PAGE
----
What are bedbugs?

Bedbug, a.k.a. Cimex lectularius. See more insect pictures.
Photo courtesy CDC

You might find it annoying when the person you sleep beside steals the blanket, but what about sleeping near something that steals your blood? Bedbugs are back. Many of us didn't even know they were real. They'd all but vanished from the United States after the 1950s, when saturating an infected home with DDT was a common (and quite effective) practice. But DDT has been on the no-no list for some time now. That and a steady increase in international travel are the most probable sources for the steady rise in bedbug infestation, especially in large cities, over the last 10 years or so.

Bedbugs, or Cimex lectularius, feed on humans and other animal hosts, like birds and bats, and have been around pretty much forever. These insects are called "bedbugs" because they eat primarily while their host is asleep, so the host's sleeping area (whether a bed or nest) is the most common area for the tiny insects to feed, hide, and lay their eggs in. But couches, upholstered chairs, bed frames, cracks in walls and molding, clothing, ceiling holes for light fixtures and pretty much any dark, protected area is game for bedbug housing (though they do tend to prefer wood to metal). Full-grown adults are only a quarter-inch (0.64 centimeters) long and are fairly flat, so they can slip into almost any space. The youngest ones are hardly visible to the naked eye.


The bug has an oval-shaped outer shell through which you can often see their hosts' blood as a dark spot beneath the surface. Like many other insects, they insert a syringelike "mouth" extension into the host's skin. Bedbugs will target any area of exposed skin. It can take anywhere from three to 10 minutes for the bug to fill up, and the host seldom wakes up while being bitten. Its bite is more annoying than truly harmful, as bedbugs have never been known to transmit diseases to humans. But when they pierce the skin with their beaks to draw blood, they release some of their saliva into the broken skin, and over time, repeated exposure can result in an allergic reaction to the bites. This mostly means more itchiness and swelling than you find with a typical mosquito bite, and some over-the-counter antihistamine and anti-inflammatory drugs are usually all you need to fix the discomfort. Some people don't react to the bites or saliva exposure at all.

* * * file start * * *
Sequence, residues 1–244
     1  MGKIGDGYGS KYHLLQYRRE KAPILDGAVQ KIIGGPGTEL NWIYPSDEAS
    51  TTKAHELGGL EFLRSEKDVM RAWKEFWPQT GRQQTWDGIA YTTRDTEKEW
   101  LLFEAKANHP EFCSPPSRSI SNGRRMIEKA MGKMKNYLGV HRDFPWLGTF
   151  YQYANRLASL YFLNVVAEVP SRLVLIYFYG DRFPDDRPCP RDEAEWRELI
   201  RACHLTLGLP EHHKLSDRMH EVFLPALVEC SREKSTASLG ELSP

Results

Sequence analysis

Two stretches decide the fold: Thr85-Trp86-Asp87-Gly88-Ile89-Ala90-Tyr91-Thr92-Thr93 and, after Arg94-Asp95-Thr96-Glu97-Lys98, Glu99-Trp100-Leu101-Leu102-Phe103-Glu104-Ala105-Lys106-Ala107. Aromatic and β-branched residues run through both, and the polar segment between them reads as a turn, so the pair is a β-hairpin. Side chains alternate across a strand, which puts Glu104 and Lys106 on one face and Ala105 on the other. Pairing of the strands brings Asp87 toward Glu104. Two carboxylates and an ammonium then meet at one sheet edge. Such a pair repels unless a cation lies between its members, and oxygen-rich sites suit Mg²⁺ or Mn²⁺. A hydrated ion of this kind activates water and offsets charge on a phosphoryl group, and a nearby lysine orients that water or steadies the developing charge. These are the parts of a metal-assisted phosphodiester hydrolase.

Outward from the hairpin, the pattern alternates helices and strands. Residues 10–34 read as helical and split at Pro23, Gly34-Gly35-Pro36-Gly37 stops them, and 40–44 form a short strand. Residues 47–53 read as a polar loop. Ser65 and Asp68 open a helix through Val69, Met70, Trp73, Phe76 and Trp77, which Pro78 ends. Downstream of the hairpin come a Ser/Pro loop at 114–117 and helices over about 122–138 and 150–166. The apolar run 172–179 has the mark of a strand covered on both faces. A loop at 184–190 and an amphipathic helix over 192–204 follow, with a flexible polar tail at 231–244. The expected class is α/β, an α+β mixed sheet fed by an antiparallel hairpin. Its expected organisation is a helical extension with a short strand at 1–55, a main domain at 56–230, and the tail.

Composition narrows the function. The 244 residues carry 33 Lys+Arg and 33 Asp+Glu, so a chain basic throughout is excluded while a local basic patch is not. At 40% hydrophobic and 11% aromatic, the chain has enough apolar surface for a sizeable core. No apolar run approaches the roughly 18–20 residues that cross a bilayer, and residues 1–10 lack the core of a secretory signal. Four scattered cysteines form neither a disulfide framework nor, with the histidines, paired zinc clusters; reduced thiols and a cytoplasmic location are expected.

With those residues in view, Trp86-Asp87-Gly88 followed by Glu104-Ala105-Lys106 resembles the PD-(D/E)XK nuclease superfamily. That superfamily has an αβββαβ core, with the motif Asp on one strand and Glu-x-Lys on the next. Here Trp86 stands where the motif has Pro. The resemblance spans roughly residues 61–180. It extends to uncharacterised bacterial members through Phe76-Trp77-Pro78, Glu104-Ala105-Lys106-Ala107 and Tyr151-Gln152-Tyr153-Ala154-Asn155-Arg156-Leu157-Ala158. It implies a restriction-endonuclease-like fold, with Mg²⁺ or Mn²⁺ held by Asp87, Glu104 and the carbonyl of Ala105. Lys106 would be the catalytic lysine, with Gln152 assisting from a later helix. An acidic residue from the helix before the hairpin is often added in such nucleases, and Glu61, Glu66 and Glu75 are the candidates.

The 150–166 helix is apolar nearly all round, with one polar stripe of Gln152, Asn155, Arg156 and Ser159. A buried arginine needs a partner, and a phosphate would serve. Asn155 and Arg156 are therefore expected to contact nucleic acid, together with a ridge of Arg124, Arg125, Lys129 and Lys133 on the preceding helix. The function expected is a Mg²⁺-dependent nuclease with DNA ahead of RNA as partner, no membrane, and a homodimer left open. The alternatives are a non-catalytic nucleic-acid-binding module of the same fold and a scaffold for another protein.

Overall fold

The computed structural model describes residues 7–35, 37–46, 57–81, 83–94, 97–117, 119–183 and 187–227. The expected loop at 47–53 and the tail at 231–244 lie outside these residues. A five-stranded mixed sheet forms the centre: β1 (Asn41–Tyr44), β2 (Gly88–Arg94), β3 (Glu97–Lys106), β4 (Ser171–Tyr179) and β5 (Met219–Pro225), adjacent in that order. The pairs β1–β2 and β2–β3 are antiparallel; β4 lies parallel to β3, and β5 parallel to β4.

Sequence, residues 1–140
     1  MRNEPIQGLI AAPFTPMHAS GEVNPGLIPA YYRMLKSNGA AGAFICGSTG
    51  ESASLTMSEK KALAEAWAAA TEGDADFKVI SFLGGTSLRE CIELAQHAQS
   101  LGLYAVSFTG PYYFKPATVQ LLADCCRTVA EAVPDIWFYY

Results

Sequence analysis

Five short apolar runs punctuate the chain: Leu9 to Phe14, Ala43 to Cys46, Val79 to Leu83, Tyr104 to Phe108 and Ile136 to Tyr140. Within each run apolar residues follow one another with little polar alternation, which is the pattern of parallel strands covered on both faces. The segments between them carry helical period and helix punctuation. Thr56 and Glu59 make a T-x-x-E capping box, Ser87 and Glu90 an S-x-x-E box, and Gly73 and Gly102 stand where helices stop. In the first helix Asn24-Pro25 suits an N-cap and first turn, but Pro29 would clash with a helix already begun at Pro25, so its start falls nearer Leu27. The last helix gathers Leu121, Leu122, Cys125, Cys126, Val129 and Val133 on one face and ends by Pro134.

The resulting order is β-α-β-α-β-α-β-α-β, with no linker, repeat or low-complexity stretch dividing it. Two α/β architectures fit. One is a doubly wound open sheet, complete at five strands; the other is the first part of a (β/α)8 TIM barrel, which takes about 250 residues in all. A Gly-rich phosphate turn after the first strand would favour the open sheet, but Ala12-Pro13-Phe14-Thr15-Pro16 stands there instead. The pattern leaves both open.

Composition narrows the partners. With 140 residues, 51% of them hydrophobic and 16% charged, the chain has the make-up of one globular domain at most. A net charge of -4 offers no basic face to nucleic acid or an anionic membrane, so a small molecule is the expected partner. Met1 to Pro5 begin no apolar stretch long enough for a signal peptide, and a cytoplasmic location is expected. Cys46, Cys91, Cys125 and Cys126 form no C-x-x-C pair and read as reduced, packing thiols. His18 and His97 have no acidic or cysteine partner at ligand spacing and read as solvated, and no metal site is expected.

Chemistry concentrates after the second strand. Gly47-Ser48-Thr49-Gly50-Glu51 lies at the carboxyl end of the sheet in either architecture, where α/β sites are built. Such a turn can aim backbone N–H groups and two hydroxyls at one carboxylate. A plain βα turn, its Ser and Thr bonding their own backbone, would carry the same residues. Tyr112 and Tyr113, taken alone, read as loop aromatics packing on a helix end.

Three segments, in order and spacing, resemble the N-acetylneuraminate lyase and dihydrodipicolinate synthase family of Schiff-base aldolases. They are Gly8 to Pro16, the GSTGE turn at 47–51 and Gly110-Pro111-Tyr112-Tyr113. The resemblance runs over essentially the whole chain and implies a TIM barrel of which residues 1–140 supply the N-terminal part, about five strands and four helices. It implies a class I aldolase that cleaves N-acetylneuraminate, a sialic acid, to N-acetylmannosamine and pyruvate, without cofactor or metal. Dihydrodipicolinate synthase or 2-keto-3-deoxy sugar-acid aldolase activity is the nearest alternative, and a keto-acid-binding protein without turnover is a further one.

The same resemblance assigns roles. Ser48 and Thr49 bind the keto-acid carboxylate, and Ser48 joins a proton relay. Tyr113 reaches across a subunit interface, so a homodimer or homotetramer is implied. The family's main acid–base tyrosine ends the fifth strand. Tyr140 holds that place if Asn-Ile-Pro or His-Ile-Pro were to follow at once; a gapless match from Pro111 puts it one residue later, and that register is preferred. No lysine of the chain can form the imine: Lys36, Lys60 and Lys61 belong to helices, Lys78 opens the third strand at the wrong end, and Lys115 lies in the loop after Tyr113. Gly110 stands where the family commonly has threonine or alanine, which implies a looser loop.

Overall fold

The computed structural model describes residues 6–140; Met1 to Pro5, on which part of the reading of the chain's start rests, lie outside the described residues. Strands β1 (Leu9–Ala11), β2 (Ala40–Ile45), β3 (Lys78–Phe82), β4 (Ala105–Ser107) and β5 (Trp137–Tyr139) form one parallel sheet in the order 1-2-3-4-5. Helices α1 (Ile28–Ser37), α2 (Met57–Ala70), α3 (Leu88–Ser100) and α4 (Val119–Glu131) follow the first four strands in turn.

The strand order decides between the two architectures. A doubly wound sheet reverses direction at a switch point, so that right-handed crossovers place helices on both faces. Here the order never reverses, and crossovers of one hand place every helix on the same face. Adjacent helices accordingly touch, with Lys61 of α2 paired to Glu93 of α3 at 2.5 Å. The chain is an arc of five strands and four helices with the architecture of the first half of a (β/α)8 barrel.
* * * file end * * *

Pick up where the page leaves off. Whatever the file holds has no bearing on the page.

Continue to the next page to learn how to get rid of this annoying roommate.


Getting Rid of Bedbugs

This guy can't get enough of your blood.
Photo courtesy CDC

Cimex lectularius range in color from tan to orangish-brown. They have no wings; they can only crawl from surface to surface. If you find bedbugs hiding, say, behind a picture frame, they'll scurry quickly to another hiding place -- they're quick, agile and adaptable.

There are a few known possible causes of bedbug infestation, including picking up the bugs while traveling and carrying them home in or on a suitcase or clothing, or bringing in a piece of used furniture that has bedbugs already living inside it. Also, if the apartment next to you has bedbugs, any wiring holes or cracks in the walls can let them into your home, too. Adult bedbugs can live up to a year without a meal, so there's no guarantee that the new apartment you move into that's been vacant for six months will be free of the little guys. Having bedbugs isn't about filth -- bedbugs feed on blood, not trash. The most immaculate home can end up with bedbugs. However, a messy home does offer more places for bedbugs to hide, so cleaning up the clutter is one of the first steps to getting rid of a bedbug problem.